Freshmen settle into spring semester

Isabella Gentile, Features Editor

After a semester filled with immense change and new experiences, both personal and academic, RWU freshmen enjoyed about a month long winter break before returning last week for the Spring 2018 semester. Cars flooded into the South Campus parking lots as countless duffle bags and suitcases were unloaded in the pouring rain. Many freshmen are excited to start the new semester and settle in, feeling more comfortable with their surroundings.

Various freshmen came to the conclusion that moving back into school was just as stressful and hectic as the first time around.

“I had so many things to bring back even though we were only gone for a month,” said

Tommy DeMarco, a freshman majoring in marine biology. “

I haven’t even cleaned my whole dorm room from unpacking yet.” Different parts of college life may have gotten easier for freshmen, but the moving process is not necessarily one of them.

Classes are one aspect of college life that most students had to adjust to. Fall semester brought an increase in workload and difficulty from the typical work patterns of high school. Madison Desantis, a freshman majoring in business, said that she has “had more large-scale writing assignments in one week here than [she] did in a few months in her [high school] senior English class.” Going into the new semester, freshmen are more confident in their abilities to handle assignments in various difficult courses.

An increased level of difficulty is not the only component of classwork that first year students were forced to adapt to; learning the skill of time management was also essential. Students have hours worth of free time on their hands, and the idea of procrastinating is always looming. Going into second semester, many freshmen now recognize this obstacle and will be trying to get a better grip on making good use of their time.

Exploring the nearby areas has become a personal pastime for many freshmen. Now that these students have had a taste of neighboring places like Providence and Newport, they feel much more at ease in frequently visited establishments like restaurants and stores. Freshman Sonia DeMaio, a business major, said, “I had never been to the Providence Place Mall before coming to school here and now I know it like the back of my hand.”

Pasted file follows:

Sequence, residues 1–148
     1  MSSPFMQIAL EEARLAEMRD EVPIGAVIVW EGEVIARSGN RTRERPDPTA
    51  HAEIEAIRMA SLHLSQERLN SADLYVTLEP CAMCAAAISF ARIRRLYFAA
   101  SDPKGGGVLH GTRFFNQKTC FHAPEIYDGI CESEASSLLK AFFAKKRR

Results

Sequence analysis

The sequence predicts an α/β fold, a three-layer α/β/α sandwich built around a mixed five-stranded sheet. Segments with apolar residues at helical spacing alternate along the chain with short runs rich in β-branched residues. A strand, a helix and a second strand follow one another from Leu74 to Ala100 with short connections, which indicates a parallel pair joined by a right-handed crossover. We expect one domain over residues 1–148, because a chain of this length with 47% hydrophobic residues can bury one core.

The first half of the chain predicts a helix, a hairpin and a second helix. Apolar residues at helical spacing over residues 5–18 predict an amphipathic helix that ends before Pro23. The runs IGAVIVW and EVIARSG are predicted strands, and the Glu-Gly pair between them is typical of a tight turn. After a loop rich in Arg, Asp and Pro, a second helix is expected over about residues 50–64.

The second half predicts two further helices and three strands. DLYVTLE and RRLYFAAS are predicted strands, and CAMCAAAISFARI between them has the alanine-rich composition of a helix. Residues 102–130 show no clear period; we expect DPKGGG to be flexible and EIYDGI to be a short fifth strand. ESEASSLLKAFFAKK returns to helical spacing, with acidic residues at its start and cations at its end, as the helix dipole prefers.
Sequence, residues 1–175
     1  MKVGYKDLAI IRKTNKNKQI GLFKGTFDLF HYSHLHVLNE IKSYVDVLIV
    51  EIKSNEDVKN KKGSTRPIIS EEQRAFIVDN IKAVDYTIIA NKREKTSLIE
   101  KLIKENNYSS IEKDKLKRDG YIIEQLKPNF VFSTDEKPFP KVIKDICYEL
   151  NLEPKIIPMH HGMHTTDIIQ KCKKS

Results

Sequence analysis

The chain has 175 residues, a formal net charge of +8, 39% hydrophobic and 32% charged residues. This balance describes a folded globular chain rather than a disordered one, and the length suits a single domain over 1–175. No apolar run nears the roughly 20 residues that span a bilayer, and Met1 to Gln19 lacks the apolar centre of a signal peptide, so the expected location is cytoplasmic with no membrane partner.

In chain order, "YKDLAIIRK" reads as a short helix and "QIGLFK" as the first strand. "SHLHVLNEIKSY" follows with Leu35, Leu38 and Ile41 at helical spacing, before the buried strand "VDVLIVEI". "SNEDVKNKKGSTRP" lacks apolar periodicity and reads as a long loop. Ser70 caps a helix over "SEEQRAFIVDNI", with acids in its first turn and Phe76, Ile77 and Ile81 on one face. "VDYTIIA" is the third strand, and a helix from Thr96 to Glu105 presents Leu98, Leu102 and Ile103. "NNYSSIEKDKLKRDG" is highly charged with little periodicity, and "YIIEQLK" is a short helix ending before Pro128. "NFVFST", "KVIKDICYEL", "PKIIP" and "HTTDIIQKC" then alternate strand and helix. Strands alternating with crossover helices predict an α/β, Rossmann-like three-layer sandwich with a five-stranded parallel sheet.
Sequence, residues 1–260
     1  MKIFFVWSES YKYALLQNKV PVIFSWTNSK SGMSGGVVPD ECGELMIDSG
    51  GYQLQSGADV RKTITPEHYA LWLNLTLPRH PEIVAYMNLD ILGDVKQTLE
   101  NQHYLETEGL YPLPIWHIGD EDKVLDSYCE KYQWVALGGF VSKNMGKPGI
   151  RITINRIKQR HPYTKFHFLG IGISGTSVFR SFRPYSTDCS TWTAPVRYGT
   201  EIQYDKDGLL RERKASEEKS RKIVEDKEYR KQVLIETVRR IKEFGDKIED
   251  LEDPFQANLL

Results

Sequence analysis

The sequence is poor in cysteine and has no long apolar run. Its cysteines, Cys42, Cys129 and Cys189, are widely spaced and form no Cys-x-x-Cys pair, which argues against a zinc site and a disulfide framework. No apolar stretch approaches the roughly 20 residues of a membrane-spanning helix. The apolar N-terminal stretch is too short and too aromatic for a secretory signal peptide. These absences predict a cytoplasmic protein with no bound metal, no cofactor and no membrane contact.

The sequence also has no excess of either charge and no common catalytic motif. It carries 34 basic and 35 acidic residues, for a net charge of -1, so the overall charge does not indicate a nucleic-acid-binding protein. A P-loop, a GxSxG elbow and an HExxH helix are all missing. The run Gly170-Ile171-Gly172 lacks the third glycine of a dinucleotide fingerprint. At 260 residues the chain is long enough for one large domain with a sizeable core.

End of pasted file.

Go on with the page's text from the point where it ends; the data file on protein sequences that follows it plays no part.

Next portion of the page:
The Rhode Island Public Transit Authority (RIPTA) buses were a favorite mode of transportation among freshmen last semester. Whether riding to the bank here in Bristol or a nightclub in Providence, these adventures have led students to foster a sense of familiarity with the bus system. Freshman Emily Burnett, an undecided student, said that taking the RIPTA gave her a sense of independence and that she feels more comfortable taking it this semester.

Access to transportation options like the RIPTA ties into freshmen not being able to have cars during their first year here. Students who were used to driving to school everyday and having the easy convenience of taking the car to go to CVS or the grocery store now have to adjust to inevitably long trips to the drugstore by way of the shuttle. Knowing that transportation is more of a hassle now, freshmen are able to put more time aside and manage their trips better.

One critical piece of knowledge that freshmen are entering this semester with is that college finals are not meant to be taken lightly. Many learned that pushing studying aside or cramming last minute will not lead to gratification. Gigi Fiacco, a freshman majoring in biochemistry, said that she regrets “not putting enough time into studying for finals and will absolutely take exams more seriously this semester.”

Spring semester seems like it will be a promising one for freshmen, given the major increase in confidence that many students have experienced in all of these areas. Better time management skills, knowledge on the ins and outs of transportation, and adjusting to the workload are only some of the skills they have learned so far. The rest of the year will likely be filled with new experiences as well, but freshmen can get through with their newfound sense of reassurance.